Bible reading for Dec 4.
2 Chronicles 3-4.
"He set up the pillars in front of the temple, one on the south, the other on the north; that on the south he called Jachin, and that on the north Boaz." (3:17)
BUILDING THE TEMPLE. These two chapters describe the structure and furnishings of the temple Solomon builds. It's the same basic plan as the Tabernacle that Moses constructed. Notice the imagery in the temple which recalls both the early chapters of Genesis (e.g., cherubim, fruit trees, etc.) and the later chapters of Revelation (e.g., gold, precious materials, the cubical layout of the most holy place, etc.). All of these images reveal the unity of Scripture and tie together the story of redemption. Christ himself is the sacrifice, the sea of cleansing, the light and bread of life, our priest, and the one who brings us into the presence of God. He restores the garden we lost and constructs a city of eternal glory.
REFLECT. I find it interesting that the two bronze pillars (3:17) are given names, as if they were persons. Jachin ("he shall establish") and Boaz ("in its strength") were pillars of witness (see ISBE), that is, not used to support the building but to stand as symbols of steadfast strength in the Lord. The Apostles are called pillars (Gal 2:9) and the church is called the pillar of the truth (1 Tim 3:15). Jesus' words also reflect on this image: "The one who conquers, I will make him a pillar in the temple of my God. Never shall he go out of it, and I will write on him the name of my God, and the name of the city of my God, the new Jerusalem, which comes down from my God out of heaven, and my own new name" (Rev 3:12). People sometimes use the phrase, "a pillar of the community", to designate someone who is stable, trustworthy, having integrity, and upholding the standards of the community. Would this describe you and me? Do we represent the Kingdom well? Do we stand solid for the Lord?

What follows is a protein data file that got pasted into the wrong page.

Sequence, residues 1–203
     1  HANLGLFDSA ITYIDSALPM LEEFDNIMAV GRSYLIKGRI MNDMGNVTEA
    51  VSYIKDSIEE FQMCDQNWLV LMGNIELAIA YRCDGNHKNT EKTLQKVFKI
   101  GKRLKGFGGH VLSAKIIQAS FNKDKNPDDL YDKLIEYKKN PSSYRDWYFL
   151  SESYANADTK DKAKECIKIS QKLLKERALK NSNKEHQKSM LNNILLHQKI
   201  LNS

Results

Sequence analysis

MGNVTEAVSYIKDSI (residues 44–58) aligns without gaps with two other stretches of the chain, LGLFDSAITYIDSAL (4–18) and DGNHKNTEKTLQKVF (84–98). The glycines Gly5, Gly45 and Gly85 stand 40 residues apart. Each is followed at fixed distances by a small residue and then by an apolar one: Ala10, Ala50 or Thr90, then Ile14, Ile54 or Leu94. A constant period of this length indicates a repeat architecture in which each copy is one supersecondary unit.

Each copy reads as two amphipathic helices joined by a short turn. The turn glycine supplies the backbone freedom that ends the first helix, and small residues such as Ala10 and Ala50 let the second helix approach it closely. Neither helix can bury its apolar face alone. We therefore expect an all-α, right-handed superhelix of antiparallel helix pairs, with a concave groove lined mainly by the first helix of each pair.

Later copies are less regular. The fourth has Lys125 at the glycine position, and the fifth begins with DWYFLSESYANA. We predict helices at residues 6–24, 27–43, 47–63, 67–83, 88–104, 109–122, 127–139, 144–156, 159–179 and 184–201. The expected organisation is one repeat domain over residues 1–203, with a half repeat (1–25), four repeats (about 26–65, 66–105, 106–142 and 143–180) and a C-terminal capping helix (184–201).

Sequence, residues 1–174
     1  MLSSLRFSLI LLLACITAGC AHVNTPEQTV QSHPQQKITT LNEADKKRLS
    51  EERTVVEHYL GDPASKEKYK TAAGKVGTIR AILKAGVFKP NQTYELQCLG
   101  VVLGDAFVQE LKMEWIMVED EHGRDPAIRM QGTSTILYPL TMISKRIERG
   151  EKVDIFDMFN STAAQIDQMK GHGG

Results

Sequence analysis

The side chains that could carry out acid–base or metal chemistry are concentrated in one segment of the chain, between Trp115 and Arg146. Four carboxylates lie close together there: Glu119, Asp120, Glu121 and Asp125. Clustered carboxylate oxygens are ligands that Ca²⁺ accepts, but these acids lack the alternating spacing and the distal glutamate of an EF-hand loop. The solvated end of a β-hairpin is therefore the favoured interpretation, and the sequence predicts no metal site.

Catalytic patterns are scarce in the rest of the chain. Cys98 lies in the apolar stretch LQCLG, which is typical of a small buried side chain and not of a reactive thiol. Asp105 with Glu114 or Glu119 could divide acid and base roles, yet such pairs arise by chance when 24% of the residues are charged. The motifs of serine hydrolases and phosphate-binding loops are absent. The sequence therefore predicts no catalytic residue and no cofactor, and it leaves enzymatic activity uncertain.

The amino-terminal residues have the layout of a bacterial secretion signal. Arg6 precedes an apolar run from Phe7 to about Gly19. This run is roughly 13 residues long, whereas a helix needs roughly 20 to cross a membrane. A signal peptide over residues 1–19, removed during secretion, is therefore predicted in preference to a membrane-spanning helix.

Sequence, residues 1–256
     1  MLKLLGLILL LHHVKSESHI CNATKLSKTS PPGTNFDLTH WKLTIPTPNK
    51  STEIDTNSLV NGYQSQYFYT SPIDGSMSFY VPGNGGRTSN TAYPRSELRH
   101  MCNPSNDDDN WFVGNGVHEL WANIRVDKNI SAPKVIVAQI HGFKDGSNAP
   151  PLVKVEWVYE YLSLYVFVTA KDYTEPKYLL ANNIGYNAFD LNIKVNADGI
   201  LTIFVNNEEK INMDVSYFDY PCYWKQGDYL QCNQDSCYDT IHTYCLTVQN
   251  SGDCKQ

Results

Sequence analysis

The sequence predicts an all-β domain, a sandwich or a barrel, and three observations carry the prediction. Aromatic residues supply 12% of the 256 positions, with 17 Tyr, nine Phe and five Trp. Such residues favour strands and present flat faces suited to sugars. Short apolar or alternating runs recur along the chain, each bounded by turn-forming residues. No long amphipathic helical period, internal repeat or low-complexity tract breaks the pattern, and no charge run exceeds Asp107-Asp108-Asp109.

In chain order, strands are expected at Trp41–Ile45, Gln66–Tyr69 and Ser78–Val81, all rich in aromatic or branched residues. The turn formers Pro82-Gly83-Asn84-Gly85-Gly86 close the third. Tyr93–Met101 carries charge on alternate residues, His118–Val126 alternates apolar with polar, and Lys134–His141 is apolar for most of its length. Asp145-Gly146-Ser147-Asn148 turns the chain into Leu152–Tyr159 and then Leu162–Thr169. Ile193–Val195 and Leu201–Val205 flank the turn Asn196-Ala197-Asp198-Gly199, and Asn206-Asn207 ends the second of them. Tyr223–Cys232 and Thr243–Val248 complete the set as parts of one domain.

1 John 3.
"See what kind of love the Father has given to us, that we should be called children of God; and so we are. The reason why the world does not know us is that it did not know him. Beloved, we are God's children now, and what we will be has not yet appeared; but we know that when he appears we will be like him, because we shall see him as he is. And everyone who thus hopes in him purifies himself as he is pure." (3:1-3)
CHILDREN OF GOD. Being a beloved child of God, awaiting Christ's return, will have a purifying effect upon us. As we have seen in the previous days' readings, the Apostle John is showing us that the new birth results in changed lives -- we think differently (we love the truth); we live differently (we love God's ways); and we relate to others differently (we love God's people). This is our new DNA as children of God. As seen in the diagram below (I added some arrows), John writes in a kind of circular fashion, moving back and forth between these great themes. In this chapter he comes back to the moral dimension (practicing righteousness, vv 1-10), and then to the social dimension (love, vv 11-18), and then back again to the moral (keeping his commandments, vv 19-24).
REFLECT. In this chapter we learn that love is to be practical (meeting needs), and practiced not just toward a group but also toward individuals (v 17). We cannot say, as some have said, "I love humanity. It's people I can't stand." We need to be asking ourselves, how can I practically demonstrate love for each person God brings into my life?
Image credit. Illustration of Solomon's Temple from the ESV Study Bible (Crossway Bibles, 2008). We are following the Robert Murray M'Cheyne (RMM) two-year reading schedule, as arranged by D. A. Carson. Scripture quotations, unless otherwise noted, are from The ESV® Bible (The Holy Bible, English Standard Version®), copyright © 2001 by Crossway, a publishing ministry of Good News Publishers. Used by permission. All rights reserved. One recommended resource is NETBible.org, a ministry of bible.org.